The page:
How to Keep Cats Away from the Christmas Tree
These expert tips will help cat-proof your Christmas tree
The holidays are the most wonderful time of the year—until your sweet kitty decides that your meticulously decorated tree is a toy. So what’s the secret to how to keep cats away from the Christmas tree? And does the tree itself pose any danger to your mischievous feline friend?
We asked cat experts to share what they know about this common cat behavior and offer their best advice on cats and their rambunctious Christmas tree ideas. Keep scrolling for solutions, and make sure to also check out our guides on how to train a cat and how to keep cats away from plants and yards.
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What attracts cats to Christmas trees?
What is it about cats and Christmas trees? Well, for starters, sparkly lights, bouncing decorations, the scent of evergreen—it makes perfect sense that kitties are drawn to them.
“A Christmas tree is like a giant holiday cat tree filled with dangling ornament prey,” says Kira Ramdas, DVM, president of the American Association of Feline Practitioners. “They can climb it to perch in good vertical space—a requirement for a healthy, cat-friendly environment—hide under or within its branches, sniff outside smells from living trees and bat little objects off into space, which can then be chased and batted underneath the stove, never to be seen again.” (FYI, here’s why cats knock things over with an impressive lack of care for your belongings.)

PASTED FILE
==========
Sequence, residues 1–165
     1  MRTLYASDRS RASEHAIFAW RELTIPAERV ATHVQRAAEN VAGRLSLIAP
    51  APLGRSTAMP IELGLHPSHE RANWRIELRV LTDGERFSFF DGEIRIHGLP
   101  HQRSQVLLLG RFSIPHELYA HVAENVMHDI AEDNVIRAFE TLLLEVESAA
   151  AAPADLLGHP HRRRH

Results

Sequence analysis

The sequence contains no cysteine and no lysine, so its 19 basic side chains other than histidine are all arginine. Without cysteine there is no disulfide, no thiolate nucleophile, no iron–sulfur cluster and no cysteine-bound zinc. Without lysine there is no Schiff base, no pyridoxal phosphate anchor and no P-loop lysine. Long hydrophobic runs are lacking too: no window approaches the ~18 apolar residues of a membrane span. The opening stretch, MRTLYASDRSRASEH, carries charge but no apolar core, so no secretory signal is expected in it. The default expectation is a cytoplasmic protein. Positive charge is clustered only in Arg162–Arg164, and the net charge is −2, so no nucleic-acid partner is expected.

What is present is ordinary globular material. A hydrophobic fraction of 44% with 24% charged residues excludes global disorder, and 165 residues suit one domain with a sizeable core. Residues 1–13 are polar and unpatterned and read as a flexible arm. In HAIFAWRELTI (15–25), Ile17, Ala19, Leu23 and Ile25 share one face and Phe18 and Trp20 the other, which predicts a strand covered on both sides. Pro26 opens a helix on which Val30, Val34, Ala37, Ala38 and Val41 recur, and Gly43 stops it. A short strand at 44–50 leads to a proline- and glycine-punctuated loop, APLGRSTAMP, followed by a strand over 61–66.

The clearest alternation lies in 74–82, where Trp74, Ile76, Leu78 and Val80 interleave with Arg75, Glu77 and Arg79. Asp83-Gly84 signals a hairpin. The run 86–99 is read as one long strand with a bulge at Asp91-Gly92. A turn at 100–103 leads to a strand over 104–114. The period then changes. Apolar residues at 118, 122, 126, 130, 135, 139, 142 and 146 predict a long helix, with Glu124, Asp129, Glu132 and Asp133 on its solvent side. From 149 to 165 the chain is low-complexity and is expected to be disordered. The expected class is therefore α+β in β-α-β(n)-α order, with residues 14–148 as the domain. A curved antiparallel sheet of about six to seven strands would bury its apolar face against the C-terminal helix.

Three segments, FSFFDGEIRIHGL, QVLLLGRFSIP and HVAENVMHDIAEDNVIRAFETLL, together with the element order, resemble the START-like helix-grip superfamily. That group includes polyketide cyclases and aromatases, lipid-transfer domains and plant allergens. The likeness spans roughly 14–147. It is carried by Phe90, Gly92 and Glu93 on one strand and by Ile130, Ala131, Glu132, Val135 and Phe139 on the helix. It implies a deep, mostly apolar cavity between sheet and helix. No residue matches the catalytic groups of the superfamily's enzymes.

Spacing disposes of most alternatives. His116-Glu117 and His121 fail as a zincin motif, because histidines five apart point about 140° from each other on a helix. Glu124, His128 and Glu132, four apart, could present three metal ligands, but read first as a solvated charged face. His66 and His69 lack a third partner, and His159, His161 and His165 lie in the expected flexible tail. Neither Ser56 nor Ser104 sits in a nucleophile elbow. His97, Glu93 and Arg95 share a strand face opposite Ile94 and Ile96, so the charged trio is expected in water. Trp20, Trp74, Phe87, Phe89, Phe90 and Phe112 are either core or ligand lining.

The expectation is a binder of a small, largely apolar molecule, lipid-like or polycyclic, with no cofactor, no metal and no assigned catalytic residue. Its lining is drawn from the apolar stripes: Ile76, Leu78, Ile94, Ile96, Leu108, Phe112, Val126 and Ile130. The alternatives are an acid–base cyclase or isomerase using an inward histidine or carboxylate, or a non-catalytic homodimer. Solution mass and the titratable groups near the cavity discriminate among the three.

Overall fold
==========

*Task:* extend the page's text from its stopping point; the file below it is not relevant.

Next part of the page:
She adds that cats are also both a prey and predator species. That means hiding within those tall branches is on-brand for them. Throw in some dazzling, eye-catching Christmas decorations and flickering lights, and your cat might just feel like they’ve arrived in Vegas.
Are Christmas trees toxic to cats?
They can be. Don LeHoullier, DVM, owner of Countryside Veterinary Clinic, notes that some fresh Christmas trees are toxic to cats, and the tree itself poses a number of hazards.
“Fir trees are mildly toxic, and the oils they produce can be irritating to the cat’s mouth and digestive tract, though it is unlikely they would ingest enough of the oils to cause a major issue,” he notes. “Ingesting the bark or needles of a Christmas tree can also lead to digestive upset, vomiting, diarrhea and in some cases intestinal obstruction or perforation.”
Dr. LeHoullier adds that drinking water from the tree base is also unsafe, since it may be contaminated with bacteria, fertilizer or other chemicals. This can lead to digestion issues, including vomiting or diarrhea. If your cat eats the needles or drinks the water and shows any of the above signs, call your veterinarian. It’s always better to be proactive. And in situations where cats are very interested in chewing the leaves or drinking the water, you may find more peace of mind by simply getting an artificial Christmas tree.
As for the Christmas tree decorations, broken glass ornaments can lead to injury, electrical cords for string lights are a hazard and ingesting small baubles can cause problems too. And finally, Christmas trees aren’t 100% sturdy, so in addition to learning how to keep cats away from a Christmas tree, Dr. Ramdas strongly recommends anchoring the tree for you and your cat’s safety.